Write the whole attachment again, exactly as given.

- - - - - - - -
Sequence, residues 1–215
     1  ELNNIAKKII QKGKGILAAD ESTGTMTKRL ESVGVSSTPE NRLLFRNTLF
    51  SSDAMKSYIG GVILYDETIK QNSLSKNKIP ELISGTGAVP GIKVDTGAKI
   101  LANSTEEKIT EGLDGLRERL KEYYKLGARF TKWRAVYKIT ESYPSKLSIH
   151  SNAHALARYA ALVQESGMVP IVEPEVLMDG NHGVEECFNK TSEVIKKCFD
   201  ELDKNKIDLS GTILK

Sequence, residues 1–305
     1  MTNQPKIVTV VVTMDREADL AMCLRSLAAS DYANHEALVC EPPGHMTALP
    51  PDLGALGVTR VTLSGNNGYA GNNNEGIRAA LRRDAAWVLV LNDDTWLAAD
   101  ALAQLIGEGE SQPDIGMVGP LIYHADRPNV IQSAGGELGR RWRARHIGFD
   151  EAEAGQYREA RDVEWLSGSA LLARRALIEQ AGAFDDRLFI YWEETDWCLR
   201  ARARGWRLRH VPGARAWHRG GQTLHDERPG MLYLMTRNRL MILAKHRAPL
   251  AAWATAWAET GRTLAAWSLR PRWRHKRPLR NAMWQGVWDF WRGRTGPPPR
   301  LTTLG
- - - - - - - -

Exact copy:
Sequence, residues 1–215
     1  ELNNIAKKII QKGKGILAAD ESTGTMTKRL ESVGVSSTPE NRLLFRNTLF
    51  SSDAMKSYIG GVILYDETIK QNSLSKNKIP ELISGTGAVP GIKVDTGAKI
   101  LANSTEEKIT EGLDGLRERL KEYYKLGARF TKWRAVYKIT ESYPSKLSIH
   151  SNAHALARYA ALVQESGMVP IVEPEVLMDG NHGVEECFNK TSEVIKKCFD
   201  ELDKNKIDLS GTILK

Sequence, residues 1–305
     1  MTNQPKIVTV VVTMDREADL AMCLRSLAAS DYANHEALVC EPPGHMTALP
    51  PDLGALGVTR VTLSGNNGYA GNNNEGIRAA LRRDAAWVLV LNDDTWLAAD
   101  ALAQLIGEGE SQPDIGMVGP LIYHADRPNV IQSAGGELGR RWRARHIGFD
   151  EAEAGQYREA RDVEWLSGSA LLARRALIEQ AGAFDDRLFI YWEETDWCLR
   201  ARARGWRLRH VPGARAWHRG GQTLHDERPG MLYLMTRNRL MILAKHRAPL
   251  AAWATAWAET GRTLAAWSLR PRWRHKRPLR NAMWQGVWDF WRGRTGPPPR
   301  LTTLG